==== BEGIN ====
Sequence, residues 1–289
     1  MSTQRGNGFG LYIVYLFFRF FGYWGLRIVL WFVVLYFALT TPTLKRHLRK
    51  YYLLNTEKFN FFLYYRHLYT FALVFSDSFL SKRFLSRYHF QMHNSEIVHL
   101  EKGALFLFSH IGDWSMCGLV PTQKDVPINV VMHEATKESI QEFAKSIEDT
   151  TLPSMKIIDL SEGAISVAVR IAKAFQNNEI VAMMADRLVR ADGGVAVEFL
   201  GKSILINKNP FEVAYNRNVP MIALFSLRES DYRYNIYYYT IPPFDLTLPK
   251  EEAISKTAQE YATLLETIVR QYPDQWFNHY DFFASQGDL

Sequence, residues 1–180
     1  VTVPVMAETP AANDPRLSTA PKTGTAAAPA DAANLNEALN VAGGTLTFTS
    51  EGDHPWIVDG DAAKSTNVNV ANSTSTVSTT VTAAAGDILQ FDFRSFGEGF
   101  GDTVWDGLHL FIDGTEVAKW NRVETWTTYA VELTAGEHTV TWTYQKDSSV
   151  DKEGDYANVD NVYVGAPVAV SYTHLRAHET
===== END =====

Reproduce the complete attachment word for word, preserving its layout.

Sequence, residues 1–289
     1  MSTQRGNGFG LYIVYLFFRF FGYWGLRIVL WFVVLYFALT TPTLKRHLRK
    51  YYLLNTEKFN FFLYYRHLYT FALVFSDSFL SKRFLSRYHF QMHNSEIVHL
   101  EKGALFLFSH IGDWSMCGLV PTQKDVPINV VMHEATKESI QEFAKSIEDT
   151  TLPSMKIIDL SEGAISVAVR IAKAFQNNEI VAMMADRLVR ADGGVAVEFL
   201  GKSILINKNP FEVAYNRNVP MIALFSLRES DYRYNIYYYT IPPFDLTLPK
   251  EEAISKTAQE YATLLETIVR QYPDQWFNHY DFFASQGDL

Sequence, residues 1–180
     1  VTVPVMAETP AANDPRLSTA PKTGTAAAPA DAANLNEALN VAGGTLTFTS
    51  EGDHPWIVDG DAAKSTNVNV ANSTSTVSTT VTAAAGDILQ FDFRSFGEGF
   101  GDTVWDGLHL FIDGTEVAKW NRVETWTTYA VELTAGEHTV TWTYQKDSSV
   151  DKEGDYANVD NVYVGAPVAV SYTHLRAHET